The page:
That night, the heat was brutal. I stripped all of my bedding, then showered in cold water and lay spread eagle and butt naked across the bed, trying to think of anything but how hot I was. It was nauseating. I thought about the original settlers in pioneer days and how they dealt with this kind of heat without fans or air conditioning.
Our power came back on sometime around 10am the next day, so I went to the airport as planned to fly standby. The place was filled with stranded travelers hoping to make it home, while I was just trying to get to a cute guy, lots of good music and booze. When I finally made it onto an aircraft, we were delayed because they couldn’t find the pilot. People around me joked that he was in the bar all day waiting for the “ok” to take off…which of course freaked me out. Eventually he made it back to us and got us to Milwaukee, a few hours late, but safe.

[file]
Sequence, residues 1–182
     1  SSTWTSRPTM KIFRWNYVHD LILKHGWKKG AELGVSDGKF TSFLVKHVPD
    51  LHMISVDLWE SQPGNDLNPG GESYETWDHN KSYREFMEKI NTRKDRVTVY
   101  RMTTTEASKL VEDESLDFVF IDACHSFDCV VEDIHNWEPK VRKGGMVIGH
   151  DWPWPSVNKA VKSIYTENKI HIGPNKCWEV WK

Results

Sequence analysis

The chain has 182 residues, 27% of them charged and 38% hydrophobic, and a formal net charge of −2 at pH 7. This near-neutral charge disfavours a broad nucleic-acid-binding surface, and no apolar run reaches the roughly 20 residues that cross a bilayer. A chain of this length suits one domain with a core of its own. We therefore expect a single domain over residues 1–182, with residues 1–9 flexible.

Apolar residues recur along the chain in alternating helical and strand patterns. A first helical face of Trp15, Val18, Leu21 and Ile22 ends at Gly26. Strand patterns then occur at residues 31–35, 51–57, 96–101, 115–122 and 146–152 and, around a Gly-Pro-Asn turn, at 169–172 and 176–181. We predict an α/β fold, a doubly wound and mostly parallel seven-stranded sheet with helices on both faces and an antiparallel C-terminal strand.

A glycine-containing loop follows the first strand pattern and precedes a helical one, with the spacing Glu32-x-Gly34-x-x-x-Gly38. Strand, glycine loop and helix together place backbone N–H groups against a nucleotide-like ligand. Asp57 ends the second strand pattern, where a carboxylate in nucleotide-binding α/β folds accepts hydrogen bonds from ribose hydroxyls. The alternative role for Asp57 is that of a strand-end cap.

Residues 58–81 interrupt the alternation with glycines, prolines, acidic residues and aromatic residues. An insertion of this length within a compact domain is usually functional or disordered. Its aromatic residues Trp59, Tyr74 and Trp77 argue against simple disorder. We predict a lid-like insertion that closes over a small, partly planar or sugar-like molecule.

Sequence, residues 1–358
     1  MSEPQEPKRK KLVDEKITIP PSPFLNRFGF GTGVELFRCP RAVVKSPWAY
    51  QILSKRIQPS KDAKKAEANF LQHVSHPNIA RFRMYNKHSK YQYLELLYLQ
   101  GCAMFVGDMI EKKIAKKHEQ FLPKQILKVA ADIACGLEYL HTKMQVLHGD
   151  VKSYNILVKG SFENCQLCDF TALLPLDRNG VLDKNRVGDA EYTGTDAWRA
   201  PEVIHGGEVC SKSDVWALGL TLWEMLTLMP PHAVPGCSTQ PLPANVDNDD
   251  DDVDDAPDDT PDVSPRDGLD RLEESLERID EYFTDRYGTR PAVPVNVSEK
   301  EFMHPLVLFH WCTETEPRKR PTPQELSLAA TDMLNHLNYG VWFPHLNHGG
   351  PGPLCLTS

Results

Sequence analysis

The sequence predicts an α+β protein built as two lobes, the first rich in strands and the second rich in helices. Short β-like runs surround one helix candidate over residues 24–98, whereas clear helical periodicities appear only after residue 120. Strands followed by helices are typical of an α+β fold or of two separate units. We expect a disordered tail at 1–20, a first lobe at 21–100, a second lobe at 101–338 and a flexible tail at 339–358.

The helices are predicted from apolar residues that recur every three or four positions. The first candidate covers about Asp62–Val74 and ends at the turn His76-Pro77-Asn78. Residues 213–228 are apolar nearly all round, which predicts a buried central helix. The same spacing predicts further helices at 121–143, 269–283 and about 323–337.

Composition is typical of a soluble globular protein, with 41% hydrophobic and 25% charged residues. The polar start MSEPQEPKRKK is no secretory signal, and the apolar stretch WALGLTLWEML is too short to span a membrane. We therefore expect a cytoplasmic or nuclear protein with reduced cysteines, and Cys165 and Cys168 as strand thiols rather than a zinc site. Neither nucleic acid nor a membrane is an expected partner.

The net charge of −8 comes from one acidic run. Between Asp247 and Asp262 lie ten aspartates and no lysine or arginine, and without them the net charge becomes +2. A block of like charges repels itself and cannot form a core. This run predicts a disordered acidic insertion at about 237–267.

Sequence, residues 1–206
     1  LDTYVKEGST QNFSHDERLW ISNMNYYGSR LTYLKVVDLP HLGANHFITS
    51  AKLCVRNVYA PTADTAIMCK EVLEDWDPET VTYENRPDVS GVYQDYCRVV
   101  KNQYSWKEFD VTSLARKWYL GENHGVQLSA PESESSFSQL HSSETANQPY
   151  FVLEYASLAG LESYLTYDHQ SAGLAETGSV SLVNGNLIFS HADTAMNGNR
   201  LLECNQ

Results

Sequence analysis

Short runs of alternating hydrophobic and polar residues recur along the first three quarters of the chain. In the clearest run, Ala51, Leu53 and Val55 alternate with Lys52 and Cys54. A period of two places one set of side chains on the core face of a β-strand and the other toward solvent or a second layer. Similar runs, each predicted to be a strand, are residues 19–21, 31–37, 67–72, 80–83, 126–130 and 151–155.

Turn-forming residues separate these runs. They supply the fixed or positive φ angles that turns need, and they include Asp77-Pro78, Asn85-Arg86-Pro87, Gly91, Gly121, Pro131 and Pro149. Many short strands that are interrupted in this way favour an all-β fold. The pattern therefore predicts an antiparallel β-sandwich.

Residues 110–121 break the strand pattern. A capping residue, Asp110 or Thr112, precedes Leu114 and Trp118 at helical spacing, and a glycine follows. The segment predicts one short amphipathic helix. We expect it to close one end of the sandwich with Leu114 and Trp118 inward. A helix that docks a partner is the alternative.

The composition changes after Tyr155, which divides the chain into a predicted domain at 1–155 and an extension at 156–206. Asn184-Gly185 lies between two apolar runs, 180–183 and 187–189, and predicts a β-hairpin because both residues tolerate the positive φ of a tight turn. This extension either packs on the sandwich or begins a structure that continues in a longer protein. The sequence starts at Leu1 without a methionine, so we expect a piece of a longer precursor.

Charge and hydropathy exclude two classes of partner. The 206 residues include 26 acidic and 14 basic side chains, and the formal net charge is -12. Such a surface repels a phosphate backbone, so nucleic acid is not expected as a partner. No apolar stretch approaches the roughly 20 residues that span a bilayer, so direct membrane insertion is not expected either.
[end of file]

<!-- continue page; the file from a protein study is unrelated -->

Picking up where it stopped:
After a quick dinner with Joe that night, I met up with some girlfriends and hung out with them while he worked. Over the next two days he and I had some great conversations about his work, life in NYC, our favorite authors, movies and our families.
One day at lunch the subject of welfare came up. I was 32 years old on that day, and had never voted in my life. I had never paid any attention to politics at all, and hated whenever someone tried to talk to me about current events or political issues. I would instantly become defensive knowing that I simply didn’t know enough to engage in a meaningful discussion. My cop-out was to complain that politics is boring and my vote among all the others would never matter anyway.